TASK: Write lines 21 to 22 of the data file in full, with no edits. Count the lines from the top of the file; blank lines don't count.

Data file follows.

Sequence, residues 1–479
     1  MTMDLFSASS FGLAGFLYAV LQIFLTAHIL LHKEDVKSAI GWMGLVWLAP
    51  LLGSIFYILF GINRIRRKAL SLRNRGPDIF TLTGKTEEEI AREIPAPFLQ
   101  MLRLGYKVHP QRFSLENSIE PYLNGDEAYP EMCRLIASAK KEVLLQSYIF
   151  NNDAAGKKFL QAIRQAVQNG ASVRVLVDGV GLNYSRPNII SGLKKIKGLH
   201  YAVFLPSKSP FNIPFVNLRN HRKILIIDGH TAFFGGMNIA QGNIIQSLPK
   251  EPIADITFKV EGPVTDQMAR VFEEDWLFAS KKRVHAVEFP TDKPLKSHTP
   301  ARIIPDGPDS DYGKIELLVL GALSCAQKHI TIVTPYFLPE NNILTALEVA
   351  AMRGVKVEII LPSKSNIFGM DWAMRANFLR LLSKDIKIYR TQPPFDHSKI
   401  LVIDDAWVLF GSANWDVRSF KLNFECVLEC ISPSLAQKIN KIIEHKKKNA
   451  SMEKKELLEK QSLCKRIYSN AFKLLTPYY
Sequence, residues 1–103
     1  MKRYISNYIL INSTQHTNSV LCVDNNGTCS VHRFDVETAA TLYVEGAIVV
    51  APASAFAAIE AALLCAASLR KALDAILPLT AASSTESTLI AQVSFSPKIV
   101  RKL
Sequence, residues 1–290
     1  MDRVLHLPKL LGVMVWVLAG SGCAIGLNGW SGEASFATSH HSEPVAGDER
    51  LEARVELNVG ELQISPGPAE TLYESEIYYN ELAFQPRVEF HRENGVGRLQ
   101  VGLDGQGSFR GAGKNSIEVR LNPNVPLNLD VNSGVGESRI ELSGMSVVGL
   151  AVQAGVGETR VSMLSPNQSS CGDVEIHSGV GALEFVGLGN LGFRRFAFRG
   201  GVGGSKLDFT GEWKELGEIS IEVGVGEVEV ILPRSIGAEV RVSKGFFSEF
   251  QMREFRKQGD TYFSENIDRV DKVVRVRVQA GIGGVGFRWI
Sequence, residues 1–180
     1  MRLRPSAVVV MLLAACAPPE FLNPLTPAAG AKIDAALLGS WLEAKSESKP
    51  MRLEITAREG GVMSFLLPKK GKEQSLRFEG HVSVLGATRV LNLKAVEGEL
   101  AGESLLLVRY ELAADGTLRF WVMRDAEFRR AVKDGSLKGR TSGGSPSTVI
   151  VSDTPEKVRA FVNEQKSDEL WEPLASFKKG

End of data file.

   201  GVGGSKLDFT GEWKELGEIS IEVGVGEVEV ILPRSIGAEV RVSKGFFSEF
   251  QMREFRKQGD TYFSENIDRV DKVVRVRVQA GIGGVGFRWI